18 November 2006
A pair of illustrations to accompany a story about a flooded farm and the rescue of a trapped calf for Cricket magazine was the big highlight of the latter half of a rather slow November. I had a lot of fun working on this pair of illustrations, as I got a chance to draw what for me has always been a very challenging animal, the horse.
I'm not real familiar with horses, from a structural or familiarity standpoint, and they always require a lot of research and planning on my end whenever an assignment requires their portrayal. (another 'horse' assignment is to the right, that also came through around this time, this one a small rush job for the Wall Street Journal) The illustration above would be the opening splash illustration, and the one below would be a smaller spot further into the text on the 3rd page of the story.
And another fiction illustration for Alfred Hitchcock's Mystery Magazine, this one had to do with a murder investigation that involved a poisoning by rather obscure art materials, so my solution was a rather detailed and elaborate still life of an artists worktable.
Besides the two 'fiction' assignments, I also had the usual 'health care' column gig for the Journal that comes along every two weeks. This one on cholesterol screenings. And over the weekend, during this time, I also had a pair of portraits for the Far Eastern Economic Review in Hong Kong.
My memory isn't real good regarding the subject matter of these two portraits. I think one of them was the female ruler of the Philippines President Arroyo (the sinking boat was something to do with keeping the market afloat perhaps?) (right), and I don't quite remember who the other one portrait was of (pictured further below the 'dove' picture)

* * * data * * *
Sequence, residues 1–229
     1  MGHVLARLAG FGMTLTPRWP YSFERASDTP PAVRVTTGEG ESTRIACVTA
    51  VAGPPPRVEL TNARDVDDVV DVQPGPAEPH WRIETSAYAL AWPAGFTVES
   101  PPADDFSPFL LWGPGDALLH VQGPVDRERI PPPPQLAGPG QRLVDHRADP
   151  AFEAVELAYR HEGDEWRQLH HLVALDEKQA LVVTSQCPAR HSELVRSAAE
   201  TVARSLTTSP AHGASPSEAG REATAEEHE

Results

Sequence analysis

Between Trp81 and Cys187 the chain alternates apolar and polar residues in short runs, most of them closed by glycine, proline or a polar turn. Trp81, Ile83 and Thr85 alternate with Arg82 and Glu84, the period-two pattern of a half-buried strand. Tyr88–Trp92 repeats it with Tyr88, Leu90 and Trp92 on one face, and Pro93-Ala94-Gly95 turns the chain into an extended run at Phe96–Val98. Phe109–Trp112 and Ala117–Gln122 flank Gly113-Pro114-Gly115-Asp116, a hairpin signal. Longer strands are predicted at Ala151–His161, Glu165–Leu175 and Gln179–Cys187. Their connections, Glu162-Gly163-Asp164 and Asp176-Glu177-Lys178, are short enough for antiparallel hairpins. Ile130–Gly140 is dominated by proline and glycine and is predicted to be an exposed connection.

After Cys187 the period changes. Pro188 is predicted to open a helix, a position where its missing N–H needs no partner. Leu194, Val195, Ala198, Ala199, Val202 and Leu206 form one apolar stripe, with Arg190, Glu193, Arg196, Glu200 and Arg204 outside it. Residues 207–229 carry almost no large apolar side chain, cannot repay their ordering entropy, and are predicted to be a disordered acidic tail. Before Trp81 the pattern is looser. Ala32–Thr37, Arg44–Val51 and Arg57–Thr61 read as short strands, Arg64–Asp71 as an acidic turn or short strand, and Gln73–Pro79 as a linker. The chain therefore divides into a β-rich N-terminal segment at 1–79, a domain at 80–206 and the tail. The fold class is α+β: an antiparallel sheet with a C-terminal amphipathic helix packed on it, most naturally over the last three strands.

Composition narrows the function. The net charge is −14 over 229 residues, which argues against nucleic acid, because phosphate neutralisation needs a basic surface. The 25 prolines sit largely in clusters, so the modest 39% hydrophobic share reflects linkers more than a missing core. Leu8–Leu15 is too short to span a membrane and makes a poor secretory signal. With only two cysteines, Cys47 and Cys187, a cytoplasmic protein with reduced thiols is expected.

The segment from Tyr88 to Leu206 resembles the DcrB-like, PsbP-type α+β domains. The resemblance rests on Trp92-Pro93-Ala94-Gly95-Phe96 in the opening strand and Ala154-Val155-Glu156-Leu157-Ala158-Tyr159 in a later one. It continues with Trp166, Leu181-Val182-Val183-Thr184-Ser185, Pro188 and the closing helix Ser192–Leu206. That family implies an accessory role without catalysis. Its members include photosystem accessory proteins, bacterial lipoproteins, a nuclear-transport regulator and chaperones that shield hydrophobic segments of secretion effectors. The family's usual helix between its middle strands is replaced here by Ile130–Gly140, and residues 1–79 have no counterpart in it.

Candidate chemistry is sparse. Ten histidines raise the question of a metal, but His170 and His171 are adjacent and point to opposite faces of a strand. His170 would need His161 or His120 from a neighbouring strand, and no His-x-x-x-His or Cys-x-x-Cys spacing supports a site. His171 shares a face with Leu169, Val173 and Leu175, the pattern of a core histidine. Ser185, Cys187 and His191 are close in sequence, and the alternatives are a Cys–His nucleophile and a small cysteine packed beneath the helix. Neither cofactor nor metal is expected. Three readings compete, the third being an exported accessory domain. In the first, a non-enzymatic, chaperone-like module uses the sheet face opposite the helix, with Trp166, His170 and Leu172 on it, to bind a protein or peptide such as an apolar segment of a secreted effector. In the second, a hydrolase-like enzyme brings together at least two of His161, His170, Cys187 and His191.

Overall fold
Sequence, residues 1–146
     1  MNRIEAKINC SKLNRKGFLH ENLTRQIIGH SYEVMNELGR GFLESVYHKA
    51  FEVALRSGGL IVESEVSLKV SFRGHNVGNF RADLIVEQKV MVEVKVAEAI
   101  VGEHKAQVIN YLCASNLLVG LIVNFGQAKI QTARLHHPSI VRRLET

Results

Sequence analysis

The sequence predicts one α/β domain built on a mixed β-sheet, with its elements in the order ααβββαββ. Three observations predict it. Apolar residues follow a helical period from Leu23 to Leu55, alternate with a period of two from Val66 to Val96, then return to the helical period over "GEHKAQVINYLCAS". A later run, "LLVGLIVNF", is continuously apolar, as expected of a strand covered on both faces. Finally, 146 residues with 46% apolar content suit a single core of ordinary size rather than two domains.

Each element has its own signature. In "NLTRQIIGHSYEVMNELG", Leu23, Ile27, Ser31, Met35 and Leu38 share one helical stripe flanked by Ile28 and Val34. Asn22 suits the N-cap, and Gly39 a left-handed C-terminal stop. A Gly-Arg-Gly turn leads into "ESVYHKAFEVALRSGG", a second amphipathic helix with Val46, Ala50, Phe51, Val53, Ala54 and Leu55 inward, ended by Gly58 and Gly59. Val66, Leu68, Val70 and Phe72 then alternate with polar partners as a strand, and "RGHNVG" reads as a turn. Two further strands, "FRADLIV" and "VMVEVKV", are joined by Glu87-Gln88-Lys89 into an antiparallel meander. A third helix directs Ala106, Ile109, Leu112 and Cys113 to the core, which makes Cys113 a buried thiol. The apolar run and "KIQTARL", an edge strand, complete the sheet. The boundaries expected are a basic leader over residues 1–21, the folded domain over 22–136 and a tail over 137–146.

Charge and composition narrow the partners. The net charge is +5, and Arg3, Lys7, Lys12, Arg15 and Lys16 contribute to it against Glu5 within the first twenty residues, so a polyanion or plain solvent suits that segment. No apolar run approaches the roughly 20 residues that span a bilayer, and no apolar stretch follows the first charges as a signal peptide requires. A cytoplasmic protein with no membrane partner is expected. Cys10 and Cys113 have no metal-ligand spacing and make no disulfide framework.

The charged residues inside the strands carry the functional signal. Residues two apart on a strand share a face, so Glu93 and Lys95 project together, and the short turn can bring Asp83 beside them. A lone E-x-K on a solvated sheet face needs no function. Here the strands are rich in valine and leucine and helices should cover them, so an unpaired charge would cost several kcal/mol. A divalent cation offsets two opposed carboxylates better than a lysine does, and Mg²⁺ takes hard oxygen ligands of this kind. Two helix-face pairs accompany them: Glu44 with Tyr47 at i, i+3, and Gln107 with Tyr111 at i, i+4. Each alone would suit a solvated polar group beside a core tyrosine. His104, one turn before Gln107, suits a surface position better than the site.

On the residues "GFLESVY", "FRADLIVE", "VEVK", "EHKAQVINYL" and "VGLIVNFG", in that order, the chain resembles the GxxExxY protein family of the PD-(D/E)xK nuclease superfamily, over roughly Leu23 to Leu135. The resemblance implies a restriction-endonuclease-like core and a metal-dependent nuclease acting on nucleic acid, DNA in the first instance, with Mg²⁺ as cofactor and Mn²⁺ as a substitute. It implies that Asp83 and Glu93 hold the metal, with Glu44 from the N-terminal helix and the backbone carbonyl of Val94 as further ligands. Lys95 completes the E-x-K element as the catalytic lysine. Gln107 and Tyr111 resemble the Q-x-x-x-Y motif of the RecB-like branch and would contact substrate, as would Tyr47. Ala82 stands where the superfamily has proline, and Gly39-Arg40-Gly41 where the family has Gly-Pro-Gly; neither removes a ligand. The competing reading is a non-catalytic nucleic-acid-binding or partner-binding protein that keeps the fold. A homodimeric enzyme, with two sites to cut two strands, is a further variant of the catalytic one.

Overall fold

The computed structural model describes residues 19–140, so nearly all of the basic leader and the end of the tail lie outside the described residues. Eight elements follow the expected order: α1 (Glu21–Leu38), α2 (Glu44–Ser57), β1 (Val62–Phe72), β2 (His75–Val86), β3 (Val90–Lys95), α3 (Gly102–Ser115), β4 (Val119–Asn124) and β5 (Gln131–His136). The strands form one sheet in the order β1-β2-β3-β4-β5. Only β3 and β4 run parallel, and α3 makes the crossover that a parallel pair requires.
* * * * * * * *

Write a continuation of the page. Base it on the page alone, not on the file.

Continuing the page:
The 'dove on a sword' illustration above was for America magazine, that concerned the middle east peace process, if memory serves. I really liked how this one turned out, the white dove made a nice contrast with the dark blood encrusted sword, and some subtle blood splashes across the illustration kept it from becoming too static.
For a while now, I've been getting a series of assignments from time to time from Newsday whenever someone newsworthy passes on. This latest one was a personal essay about someone who considered the late Ed Bradley a good mentor, and rather than the usual straight on head shot portrait, I submitted a sketch of a view from behind of the 'mentor relationship', with only a hint of Mr. Bradley's features as one of my concepts. This ended up being the one that was chosen by the AD. Not really sure I'd categorize it as a 'portrait', however it seemed to suit the article well.
And, finally, I had a pair of illustrations for Barrons. The first one was a rather strangely shaped illo that showed a small figure hauling a house up from the edge of a cliff (not pictured, as it doesn't fit the page well, leaving a lot of white space around it, and not a particularly interesting illustration at that), and the other one regarded the wealthy taking advantage of tax breaks for making donations of personal effects. The AD wanted to make sure we understood how 'wealthy' the main character looked, so I sort of took a Thurston Howell the Third approach with the smoking jacket and ascot.